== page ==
Well, we’re going to have to stop you right there.

An opera company that produces a New Year’s Eve show typically has two choices: It can present a full opera, often Richard Strauss’ Die Fledermaus (The Bat), which culminates in a bubbly masked ball. Or you can do some version of Opera’s Greatest Hits, featuring popular arias and choruses from the top 10 operas that still constitute the bulk of American operatic fare. 

Or you could do what Eugene Opera is doing with its “Opera Trio” this New Year’s Eve: Present one act from three very different operas. 

Singer-songwriter Phoebe Blume offers an eerily breathtaking setting — much like this winter itself — in her dark and moody oeuvre. 

“I don’t have a choice. I’m definitely dark,” Blume says. “But that is my happy; that’s my light. It’s a very honest approach that I take, which is just the essence of who I am.”

The road to becoming Sonic Bent is long and winding. The self-described “progressive jam with a splash of cry-in-your-beer Americana” band — featuring Jeff Alberts (drums, vocals), Keenan Dorn (guitar, vocals), Noah Kamrat (bass, vocals) and Patrick Kavaney (guitar, vocals) — got its start in 2011. Founding members Kamrat and Kavaney (who met in middle school), however, have been carving the cross-country path to Sonic Bent, dabbling in other music outfits that laid the groundwork for this one, over decades.

Last summer, Portland (and former Eugene) musician Joel Magid admitted on social media he was a sexual predator. The shocking confession garnered national attention, shining a spotlight on sexual assault in music scenes and their subcultures. A cohort of Eugene musicians, led by Jennifer Cheddar, Stephen Buettler and Nick Gamer (Pancho + The Factory), took the opportunity to galvanize.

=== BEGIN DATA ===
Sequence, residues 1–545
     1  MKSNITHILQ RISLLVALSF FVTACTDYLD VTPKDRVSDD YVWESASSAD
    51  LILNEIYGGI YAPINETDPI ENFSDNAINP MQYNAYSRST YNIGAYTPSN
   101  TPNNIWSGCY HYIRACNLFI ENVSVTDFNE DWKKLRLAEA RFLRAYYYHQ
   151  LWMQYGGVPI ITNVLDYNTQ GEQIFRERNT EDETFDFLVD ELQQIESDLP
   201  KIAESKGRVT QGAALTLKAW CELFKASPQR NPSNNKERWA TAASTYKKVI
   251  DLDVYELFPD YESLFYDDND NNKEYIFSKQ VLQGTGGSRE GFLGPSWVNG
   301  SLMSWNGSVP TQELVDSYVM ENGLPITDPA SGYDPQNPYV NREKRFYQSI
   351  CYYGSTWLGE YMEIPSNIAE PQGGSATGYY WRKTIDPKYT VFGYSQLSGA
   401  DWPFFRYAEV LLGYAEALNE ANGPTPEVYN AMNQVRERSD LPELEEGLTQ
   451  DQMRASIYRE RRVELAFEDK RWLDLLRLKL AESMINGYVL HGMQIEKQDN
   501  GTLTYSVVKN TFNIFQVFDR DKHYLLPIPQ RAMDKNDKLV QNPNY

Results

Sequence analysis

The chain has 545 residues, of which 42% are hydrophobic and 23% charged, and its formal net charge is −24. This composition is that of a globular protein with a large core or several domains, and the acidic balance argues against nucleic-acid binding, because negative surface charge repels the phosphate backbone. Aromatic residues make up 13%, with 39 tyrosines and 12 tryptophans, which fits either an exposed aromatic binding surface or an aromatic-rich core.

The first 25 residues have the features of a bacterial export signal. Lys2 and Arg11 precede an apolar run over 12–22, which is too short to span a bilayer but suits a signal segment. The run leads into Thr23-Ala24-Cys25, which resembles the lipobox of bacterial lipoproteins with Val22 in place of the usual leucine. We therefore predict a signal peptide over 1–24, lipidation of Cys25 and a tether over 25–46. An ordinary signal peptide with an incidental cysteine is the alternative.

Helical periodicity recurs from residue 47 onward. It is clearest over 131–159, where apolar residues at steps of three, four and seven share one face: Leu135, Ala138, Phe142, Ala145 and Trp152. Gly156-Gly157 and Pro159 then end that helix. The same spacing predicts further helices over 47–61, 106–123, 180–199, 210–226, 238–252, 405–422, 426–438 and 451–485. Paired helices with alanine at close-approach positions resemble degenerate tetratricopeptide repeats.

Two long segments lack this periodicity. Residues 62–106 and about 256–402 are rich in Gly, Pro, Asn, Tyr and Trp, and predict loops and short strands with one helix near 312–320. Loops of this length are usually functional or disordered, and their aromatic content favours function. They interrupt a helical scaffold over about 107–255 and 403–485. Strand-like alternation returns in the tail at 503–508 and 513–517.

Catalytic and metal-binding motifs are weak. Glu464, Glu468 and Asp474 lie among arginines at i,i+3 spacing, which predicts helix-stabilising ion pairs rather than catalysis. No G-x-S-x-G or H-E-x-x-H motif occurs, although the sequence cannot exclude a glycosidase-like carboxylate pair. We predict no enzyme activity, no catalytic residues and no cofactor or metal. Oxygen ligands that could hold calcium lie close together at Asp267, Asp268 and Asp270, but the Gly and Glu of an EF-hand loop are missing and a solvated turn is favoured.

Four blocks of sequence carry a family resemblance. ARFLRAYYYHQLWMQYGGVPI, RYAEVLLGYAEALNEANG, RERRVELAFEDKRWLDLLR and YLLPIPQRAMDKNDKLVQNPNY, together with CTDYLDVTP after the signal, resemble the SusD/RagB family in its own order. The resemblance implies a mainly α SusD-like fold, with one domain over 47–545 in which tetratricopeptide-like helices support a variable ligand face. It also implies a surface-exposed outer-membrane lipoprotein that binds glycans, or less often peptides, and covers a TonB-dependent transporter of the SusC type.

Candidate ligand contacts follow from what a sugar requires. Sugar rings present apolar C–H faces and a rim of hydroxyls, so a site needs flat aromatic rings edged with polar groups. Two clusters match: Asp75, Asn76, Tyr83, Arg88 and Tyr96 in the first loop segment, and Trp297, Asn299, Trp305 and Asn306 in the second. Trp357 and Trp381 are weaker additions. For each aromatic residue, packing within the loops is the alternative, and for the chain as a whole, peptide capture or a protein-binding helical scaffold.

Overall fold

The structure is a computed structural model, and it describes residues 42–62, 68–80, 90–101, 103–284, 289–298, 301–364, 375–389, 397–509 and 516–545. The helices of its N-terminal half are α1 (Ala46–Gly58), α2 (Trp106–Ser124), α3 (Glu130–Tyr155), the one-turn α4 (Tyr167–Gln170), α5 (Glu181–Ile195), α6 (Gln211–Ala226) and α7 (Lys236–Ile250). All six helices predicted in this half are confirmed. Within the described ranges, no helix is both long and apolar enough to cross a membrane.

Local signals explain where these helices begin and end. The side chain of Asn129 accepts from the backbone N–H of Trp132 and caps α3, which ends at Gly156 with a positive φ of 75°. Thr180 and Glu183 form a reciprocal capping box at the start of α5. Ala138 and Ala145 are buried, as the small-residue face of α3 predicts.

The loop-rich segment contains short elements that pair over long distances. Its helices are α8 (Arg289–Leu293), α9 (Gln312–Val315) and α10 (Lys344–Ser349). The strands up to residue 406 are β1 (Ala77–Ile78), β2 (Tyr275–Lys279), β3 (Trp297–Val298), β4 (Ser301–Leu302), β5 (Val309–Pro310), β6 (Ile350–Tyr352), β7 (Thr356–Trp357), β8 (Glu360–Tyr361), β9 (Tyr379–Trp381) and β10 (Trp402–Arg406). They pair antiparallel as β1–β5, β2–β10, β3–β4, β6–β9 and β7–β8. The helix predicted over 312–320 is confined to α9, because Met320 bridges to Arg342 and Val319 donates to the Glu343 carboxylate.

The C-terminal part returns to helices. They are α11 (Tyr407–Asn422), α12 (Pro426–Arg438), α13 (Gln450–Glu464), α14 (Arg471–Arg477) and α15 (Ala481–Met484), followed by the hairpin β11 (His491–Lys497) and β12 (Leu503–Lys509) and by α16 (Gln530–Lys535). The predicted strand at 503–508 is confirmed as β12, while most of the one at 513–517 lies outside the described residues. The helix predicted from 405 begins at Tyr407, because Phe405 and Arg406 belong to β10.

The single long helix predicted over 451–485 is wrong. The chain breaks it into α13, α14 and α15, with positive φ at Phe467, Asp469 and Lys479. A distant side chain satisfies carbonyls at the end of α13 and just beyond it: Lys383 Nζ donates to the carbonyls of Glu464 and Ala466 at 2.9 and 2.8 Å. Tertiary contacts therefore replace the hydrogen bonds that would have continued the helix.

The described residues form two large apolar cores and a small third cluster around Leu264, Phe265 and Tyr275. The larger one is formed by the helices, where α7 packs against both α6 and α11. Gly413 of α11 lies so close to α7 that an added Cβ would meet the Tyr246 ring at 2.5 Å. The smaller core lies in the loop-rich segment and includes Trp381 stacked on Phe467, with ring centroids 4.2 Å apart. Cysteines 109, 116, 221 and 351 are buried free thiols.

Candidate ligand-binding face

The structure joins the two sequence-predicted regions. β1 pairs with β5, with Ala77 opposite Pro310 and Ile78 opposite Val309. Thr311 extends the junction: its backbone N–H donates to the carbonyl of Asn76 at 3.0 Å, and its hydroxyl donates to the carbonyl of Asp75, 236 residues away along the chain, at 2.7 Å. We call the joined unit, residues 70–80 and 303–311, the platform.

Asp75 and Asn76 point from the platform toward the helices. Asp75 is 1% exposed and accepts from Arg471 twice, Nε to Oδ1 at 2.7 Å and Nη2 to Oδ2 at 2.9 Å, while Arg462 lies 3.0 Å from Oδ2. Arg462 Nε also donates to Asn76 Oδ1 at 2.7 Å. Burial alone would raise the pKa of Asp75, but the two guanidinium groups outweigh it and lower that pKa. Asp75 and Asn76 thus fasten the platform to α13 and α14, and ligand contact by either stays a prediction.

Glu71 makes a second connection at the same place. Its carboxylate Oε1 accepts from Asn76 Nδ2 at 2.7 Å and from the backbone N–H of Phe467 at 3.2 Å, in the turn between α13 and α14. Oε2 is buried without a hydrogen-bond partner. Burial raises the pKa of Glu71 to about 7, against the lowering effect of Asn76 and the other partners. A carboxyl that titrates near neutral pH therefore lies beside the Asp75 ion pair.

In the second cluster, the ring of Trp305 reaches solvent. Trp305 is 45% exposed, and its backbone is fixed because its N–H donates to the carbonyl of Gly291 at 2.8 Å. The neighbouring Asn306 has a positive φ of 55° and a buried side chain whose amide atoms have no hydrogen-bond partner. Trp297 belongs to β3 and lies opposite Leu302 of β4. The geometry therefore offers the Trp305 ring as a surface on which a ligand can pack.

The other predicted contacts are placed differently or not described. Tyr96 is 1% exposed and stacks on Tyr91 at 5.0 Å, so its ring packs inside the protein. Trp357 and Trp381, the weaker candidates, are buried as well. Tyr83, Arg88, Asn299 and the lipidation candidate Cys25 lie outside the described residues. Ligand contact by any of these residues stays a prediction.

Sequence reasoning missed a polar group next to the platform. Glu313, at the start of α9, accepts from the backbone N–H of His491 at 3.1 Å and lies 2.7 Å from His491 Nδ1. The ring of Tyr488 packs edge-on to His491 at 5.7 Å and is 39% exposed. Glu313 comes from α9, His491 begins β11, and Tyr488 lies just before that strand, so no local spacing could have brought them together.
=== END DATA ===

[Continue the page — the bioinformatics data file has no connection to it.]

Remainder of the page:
If someone makes a movie about the Standing Rock Lakota fighting back against Big Oil, that filmmaker might find the soundtrack at 7:30 pm Friday, Dec. 16, when the Riverside Chamber Symphony premieres Water is Life at Springfield’s Wildish Theater. When he began writing the 10-minute one-movement orchestral work, the composer, UO grad student Justin Ralls, couldn’t have known about the impending protest against the Dakota Access Pipeline.

Wild Child is a band with an intimate toe-tapping twist that could give any indie-folk lover a music boner. Their sound swings between a bottle of wine on a rainy day and a hipster hootenanny.

For 20 years, Xasthur’s Scott Conner didn’t tour. He didn’t do interviews. He recorded solo. He posed with nooses, called himself “Malefic,” recorded songs with names like “Slaughtered Useless Beings In A Nihilistic Dream,” recorded vocals in a coffin and became one of the most famous figures in American black metal — a mostly Scandinavian phenomenon when Conner started Xasthur in 1995.

Ah, the holidays! Time for families and friends to get together and celebrate love and friendship and all those other virtues. So what’s the big family-friendly musical onstage this season about? Why, guns, of course. Hey, this is America! 

Portland singer-songwriter Tara Velarde fuses a wide range of vocals and Latin rhythms to create a concoction I can only describe as diva folk. In the course of one album, Velarde maneuvers her voice from feathery to spine-tingling. You could compare her to Ingrid Michaelson or Laura Marling, but she raises the bar for folk-pop with her experimental and multi-influential mash-ups within the genre. 

It’s often said punks and hippies don’t get along. Nevertheless, Blag Dahlia, vocalist and founding member of legendary and, in some circles, notorious San Francisco shock-punk legends Dwarves, would like to extend an olive branch to the hippie girls of Eugene. 

Mike Stortz always dreamt of relocating his band Johnny Raincloud from South Florida to Portland. During a recent visit to Oregon, Stortz caught a show at Portland music venue Crystal Ballroom. What transpired convinced Stortz to take the plunge.